Kids entwined their fingers in the rungs of the cyclone fence, pressing their faces against it to get a better view of three cops in the parking lot outside Miller Stadium who were literally taking apart a car.
No one was in the car. The officers, using tools designed to help extricate a passenger trapped in a disabled vehicle, were showing off their skills before several hundred people.
This was one of the many events at this year’s annual National Night Out Against Crime in West New York on Aug. 2 at Miller Stadium.
Communities across the country host National Night Out events on one day each year so that the police and the public can interact and show they’re vigilant about crime.
Although this was among the most dramatic of the presentations, the police and city had plenty of other things to educate and entertain kids with.
Inside the stadium, kids had a variety of entertainments that included balloons, face painting, popcorn, cotton candy, raffles for prizes and much more. Those who brought a bicycle, scooter, or skateboard also received a free helmet.
But the night was more than just about having fun. It was an opportunity for people from the community to mingle with and get to know the police and other law enforcement personnel that protect them.
National Night Out, “America’s Night Out Against Crime,” began in 1984 as an effort to promote involvement in crime prevention activities, police-community partnerships, and neighborhood camaraderie, and send a message to criminals to let them know that neighborhoods are organized and fighting back.
National Night Out is held annually on the first Tuesday of August, and now involves more than 37.8 million people and 16,124 communities from all fifty states, U.S. Territories, Canadian cities, and military bases worldwide.
Cops and kids get along here
In a year in which there have been numerous confrontations between police and people of color nationwide – including deliberate assassination of cops in Dallas, Baton Rouge, and elsewhere, West New York police have had mostly good relations with the community.
“We have cops in our schools who talk to the kids all the time. The cops know the kids and the kids know the cops.” – Jonathan Castaneda
“We’ve never had those kinds of issues here,” said Adam Parkinson, president of the West New York Board of Education. “Most of our police here grew up in West New York. When you have a town that is a mile long in each direction, everybody knows who everybody else is. The police have always been part of the community.”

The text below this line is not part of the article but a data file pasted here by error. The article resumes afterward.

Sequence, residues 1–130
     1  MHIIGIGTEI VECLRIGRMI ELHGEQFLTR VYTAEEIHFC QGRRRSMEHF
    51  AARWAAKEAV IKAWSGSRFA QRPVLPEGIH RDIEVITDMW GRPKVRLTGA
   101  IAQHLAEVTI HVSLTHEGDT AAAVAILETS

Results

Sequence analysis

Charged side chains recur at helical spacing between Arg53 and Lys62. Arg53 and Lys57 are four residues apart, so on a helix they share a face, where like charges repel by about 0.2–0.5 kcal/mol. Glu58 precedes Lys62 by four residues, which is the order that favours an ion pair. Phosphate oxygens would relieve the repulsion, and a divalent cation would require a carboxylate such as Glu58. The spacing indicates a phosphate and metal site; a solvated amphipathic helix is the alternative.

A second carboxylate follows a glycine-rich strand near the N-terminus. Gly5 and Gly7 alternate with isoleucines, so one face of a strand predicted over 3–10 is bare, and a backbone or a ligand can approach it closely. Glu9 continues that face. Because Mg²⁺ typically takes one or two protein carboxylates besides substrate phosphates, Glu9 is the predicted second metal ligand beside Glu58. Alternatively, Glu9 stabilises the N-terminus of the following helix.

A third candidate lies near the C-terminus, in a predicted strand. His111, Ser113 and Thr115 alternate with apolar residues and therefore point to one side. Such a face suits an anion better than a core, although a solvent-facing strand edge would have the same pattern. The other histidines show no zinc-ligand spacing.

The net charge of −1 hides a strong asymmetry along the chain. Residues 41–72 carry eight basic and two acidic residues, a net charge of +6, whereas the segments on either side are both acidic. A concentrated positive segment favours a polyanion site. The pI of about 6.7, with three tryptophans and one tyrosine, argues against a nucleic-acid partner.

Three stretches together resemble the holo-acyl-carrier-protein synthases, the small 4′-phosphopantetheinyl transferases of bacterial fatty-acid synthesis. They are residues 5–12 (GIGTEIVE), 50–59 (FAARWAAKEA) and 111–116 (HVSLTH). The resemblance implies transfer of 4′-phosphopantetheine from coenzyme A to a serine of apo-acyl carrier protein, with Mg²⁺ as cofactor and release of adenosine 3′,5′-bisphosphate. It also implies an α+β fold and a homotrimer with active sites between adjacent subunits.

Jonathan Castaneda, a school board trustee, said teachers and administrators from the West New York School District took an active part on the night’s events.”
“We have cops in our schools who talk to the kids all the time,” he said. “The cops know the kids and the kids know the cops.”
Town staff and community organizations set up tables inside the stadium to provide information relating to crime prevention, drug and violence prevention, health, and safety.
Women for West New York were one of these, an established organization that helps West New York residents in need. Vice President Deedee Morrall and President Doreen Moran said they are seeking to help residents with problems they might have.
A Rutgers-based health program had a table to teach kids about the calorie counts in soft drinks and stressed the necessity of regular exercise.
“We work with West New York, Jersey City and other places in the county,” said Michelle Jansen, program supervisor.
She said teens by age 13 have already reached a point where they are slacking off in exercise, and this has a huge impact on them, especially females, later in life.
As with last year, many kids were fascinated by the large surplus military truck the city has obtained from the federal government. Military trucks of this kind are extremely useful during floods because their exhaust runs along a vent near the top of the cab unlike more conventional vehicles with exhaust pipes near the ground. During Hurricane Sandy, many city vehicles could not travel the waterfront area. With this truck, rescue workers can.
One of the more popular tables allowed kids to handle simulated training weapons and other gear used by police in emergency situations. Painted a light brick color to keep them from being mistaken for the real thing, the weapons are typically used in training exercises, officers said.
Al Sullivan may be reached at firstname.lastname@example.org